Aside from Ms. Black’s background, Mr. Bloomberg’s selection of her was also surprising for the secrecy surrounding it. Many of the mayor’s senior aides did not know about it until just before he announced it.
The mayor’s office has declined to reveal any details of the search process, but one respected educator has said he was consulted: Geoffrey Canada, the chief executive officer of the Harlem Children’s Zone.
Mr. Canada, in an interview on Friday, said Mr. Bloomberg had met with him about three months ago, around the time Mr. Klein told the mayor he was planning to resign.
Mr. Bloomberg “asked for my advice on what would make a great chancellor, and I gave it,” Mr. Canada said. He would not elaborate on what his advice was and did not say whether Ms. Black’s name came up. But he said he was “thrilled” with the choice, citing her extensive management experience.
Mr. Canada declined to comment on whether he was offered the job. Mr. Bloomberg had called him the “most important living New Yorker” in a recent New York Magazine survey.
Is Canada just covering for Bloomberg or is he telling the truth?
With Geoffrey, it's to tell.
He has such a desperate pathological need for publicity that you never know if he's inserting himself into the conversation just to see his name in the papers or if he really was consulted by Bloomberg.
But let's say we take Canada at his word and believe that he was consulted by Bloomberg about the job.
Why won't he say what he told Bloomberg?
Did he give Bloomberg some candid talk that he doesn't want revealed to the general public (e.g., "Mike, you need to get rid of Klein because people hate him, but you need to replace him with as big a union-busting, school-closing corporate whore as Klein is, just with a nicer public persona...")?
Did Bloomberg offer him the job? And if so, why didn't he take it? And why won't he say whether he was offered the job?
It's all very mysterious and the Times makes clear in another article that other cities make their chancellor searches much more public and much less mysterious and it all works out for the better:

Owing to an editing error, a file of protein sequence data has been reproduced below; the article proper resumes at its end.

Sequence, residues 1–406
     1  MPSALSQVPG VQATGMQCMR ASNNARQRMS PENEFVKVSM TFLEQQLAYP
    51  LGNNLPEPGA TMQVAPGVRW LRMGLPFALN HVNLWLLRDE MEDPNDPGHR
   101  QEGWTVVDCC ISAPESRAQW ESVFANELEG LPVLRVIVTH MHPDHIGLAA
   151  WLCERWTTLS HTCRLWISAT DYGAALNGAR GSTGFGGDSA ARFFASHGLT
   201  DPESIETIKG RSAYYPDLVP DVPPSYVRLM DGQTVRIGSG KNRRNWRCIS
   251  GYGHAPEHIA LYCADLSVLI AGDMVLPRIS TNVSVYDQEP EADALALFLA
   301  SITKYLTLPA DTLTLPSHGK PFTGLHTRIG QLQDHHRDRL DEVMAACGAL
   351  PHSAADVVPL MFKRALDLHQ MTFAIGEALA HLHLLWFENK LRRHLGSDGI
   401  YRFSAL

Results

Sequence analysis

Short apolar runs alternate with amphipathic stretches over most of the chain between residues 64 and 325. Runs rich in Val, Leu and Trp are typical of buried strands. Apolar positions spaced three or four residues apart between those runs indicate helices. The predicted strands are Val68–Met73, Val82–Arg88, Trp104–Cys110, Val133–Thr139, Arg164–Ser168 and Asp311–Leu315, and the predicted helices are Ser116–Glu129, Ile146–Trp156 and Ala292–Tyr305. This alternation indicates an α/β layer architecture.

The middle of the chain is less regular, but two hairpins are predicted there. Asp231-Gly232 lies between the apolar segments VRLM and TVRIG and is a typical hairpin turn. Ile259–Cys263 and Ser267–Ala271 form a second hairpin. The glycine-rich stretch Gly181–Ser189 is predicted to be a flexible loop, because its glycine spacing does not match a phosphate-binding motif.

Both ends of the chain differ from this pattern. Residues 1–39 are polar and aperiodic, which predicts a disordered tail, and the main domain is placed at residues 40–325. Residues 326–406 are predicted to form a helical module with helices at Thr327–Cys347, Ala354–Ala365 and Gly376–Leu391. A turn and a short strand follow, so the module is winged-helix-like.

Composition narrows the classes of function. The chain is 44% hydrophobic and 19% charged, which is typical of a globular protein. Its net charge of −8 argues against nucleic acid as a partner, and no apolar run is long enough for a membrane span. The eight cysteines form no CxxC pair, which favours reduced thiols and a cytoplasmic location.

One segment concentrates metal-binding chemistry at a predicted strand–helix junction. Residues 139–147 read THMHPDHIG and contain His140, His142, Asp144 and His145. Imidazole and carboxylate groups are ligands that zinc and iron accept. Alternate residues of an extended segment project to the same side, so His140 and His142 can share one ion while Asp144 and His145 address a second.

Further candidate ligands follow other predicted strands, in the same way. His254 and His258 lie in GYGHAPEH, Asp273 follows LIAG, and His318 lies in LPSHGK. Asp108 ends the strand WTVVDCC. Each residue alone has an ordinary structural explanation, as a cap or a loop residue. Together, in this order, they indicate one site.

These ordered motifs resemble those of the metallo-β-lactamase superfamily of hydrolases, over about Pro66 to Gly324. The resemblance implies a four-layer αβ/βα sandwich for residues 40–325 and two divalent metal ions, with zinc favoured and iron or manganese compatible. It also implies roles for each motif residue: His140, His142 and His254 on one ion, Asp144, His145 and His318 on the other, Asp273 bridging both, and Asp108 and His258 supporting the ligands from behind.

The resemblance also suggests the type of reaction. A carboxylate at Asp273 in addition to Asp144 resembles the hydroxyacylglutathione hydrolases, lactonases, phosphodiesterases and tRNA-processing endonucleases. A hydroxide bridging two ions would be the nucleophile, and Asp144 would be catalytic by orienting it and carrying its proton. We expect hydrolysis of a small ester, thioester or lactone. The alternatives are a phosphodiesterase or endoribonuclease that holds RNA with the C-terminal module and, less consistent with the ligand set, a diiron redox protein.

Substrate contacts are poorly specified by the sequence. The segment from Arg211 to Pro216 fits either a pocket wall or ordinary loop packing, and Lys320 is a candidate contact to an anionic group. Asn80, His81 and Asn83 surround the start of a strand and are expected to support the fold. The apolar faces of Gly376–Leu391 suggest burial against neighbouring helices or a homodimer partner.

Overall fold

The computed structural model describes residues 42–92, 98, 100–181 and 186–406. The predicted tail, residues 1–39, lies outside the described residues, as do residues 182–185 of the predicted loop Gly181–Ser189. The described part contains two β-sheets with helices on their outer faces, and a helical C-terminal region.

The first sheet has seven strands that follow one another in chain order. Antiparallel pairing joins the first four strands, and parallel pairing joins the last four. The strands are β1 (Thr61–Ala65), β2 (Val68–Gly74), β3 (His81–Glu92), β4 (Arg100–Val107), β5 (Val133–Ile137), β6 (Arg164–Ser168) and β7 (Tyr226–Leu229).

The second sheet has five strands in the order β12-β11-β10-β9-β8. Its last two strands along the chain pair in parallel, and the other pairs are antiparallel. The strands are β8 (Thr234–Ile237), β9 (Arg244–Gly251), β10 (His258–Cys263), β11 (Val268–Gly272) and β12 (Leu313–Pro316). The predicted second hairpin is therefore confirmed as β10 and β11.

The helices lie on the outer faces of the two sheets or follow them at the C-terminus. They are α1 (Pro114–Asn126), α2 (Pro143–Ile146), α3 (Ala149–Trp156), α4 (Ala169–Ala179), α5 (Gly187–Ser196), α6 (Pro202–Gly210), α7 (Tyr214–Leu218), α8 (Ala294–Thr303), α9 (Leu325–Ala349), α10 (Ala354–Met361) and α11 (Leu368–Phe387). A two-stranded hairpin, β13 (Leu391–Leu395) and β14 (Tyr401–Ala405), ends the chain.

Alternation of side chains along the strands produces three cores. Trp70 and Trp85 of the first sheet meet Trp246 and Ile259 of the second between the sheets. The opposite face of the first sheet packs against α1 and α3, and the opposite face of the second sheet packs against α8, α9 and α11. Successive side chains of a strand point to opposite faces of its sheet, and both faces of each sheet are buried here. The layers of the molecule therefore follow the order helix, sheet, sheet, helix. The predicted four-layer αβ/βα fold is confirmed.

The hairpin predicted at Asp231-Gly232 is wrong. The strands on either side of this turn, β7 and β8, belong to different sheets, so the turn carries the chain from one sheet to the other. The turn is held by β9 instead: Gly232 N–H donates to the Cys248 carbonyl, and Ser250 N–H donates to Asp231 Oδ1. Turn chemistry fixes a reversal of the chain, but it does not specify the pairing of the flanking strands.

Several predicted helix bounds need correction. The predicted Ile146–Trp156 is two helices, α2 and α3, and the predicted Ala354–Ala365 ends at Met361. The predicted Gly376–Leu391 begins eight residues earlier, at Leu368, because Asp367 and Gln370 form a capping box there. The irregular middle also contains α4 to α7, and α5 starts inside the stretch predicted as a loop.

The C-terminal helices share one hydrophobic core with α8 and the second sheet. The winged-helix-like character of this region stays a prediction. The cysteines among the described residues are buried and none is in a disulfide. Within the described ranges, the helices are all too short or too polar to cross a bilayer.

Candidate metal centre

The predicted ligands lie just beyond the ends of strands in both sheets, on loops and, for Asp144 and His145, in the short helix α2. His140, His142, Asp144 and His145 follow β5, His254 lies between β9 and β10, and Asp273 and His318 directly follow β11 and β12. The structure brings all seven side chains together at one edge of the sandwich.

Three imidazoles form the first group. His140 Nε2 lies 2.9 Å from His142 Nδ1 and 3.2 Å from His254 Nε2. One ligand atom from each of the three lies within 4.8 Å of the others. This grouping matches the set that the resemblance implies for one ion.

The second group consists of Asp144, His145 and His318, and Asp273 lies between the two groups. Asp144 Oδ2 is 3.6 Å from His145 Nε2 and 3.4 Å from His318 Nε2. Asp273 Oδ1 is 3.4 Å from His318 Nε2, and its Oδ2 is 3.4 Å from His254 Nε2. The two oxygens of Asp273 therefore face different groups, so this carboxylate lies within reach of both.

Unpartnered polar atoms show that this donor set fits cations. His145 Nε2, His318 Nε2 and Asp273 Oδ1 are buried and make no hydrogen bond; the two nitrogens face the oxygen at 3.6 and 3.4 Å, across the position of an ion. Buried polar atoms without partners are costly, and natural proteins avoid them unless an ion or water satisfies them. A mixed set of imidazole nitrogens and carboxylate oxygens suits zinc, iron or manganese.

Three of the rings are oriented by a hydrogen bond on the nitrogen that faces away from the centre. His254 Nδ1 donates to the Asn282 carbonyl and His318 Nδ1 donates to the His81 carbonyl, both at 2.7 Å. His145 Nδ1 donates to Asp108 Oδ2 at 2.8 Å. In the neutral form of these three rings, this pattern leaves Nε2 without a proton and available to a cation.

experts who have studied other chancellor searches, and some superintendents in other cities who have been through them, said that while the mayor made some valid points, a more public process, especially in the final stages, brought transparency and accountability to the school system that could give credibility to a new leader.
“I don’t think it’s unreasonable to see how the candidates size up in their performance in the public limelight,” said Thomas Payzant, a professor at the graduate school of education at Harvard who was superintendent of the Boston schools from 1995 until 2006.
“You get to see a side of them that you might not otherwise see,” he said. “And it’s a two-way learning experience. You’re learning a lot about the leaders in the community and what the issues are in that day and a half, and getting a lot broader view than if you just read a lot of things on paper.”
Mr. Payzant himself went through a trial by fire before being appointed superintendent. As one of three finalists for the Boston job in 1995, he was asked to spend a day and a half meeting with parents, teachers, union leaders and community members, to participate in a public forum and even to write an editorial for The Boston Globe addressing school issues. At the time, he was an assistant secretary in the federal Education Department.
Gee - can you imagine Bloomberg asking potential chancellor candidates to spend a day and a half meeting with parents, teachers, union leaders and community members, participating in a public forum on education, and writing an editorial for the papers addressing school issues before he decided which candidate got the job?
Hell, he doesn't even want actual chancellors with the actual job to do any of that.
Which is why he and Joel "Sorry, I'm on my Blackberry" Klein were so perfect for each other these past eight years.
So after nearly a week of trying to learn more about how Bloomberg conducted his chancellor search and why he chose the person he did for the job, we don't know much more than we did at the beginning.
All we know is that the search was Bloombergian to its core - secretive, dismissive of the community, and conducted with the usual corporate bias that educators are idiots but business people are geniuses.
I'm sure it will all work out great - for Bloomberg.
UPDATE: The Daily News reports that Bloomberg never reached out to NYSED commissioner David Steiner about the pick. The News also reports that the state ed department says the city has not submitted an official waiver request for non-educator Cathie Black to take the job of the top city education official, as is needed by law.
Goeffrey Canada gets consulted by Bloomberg on the choice (or at least he says he does), the state education commissioner doesn't.
Really puts a spotlight on Bloomberg's education values, doesn't it?
And of course he figures he can just buy shill Steiner off without a problem.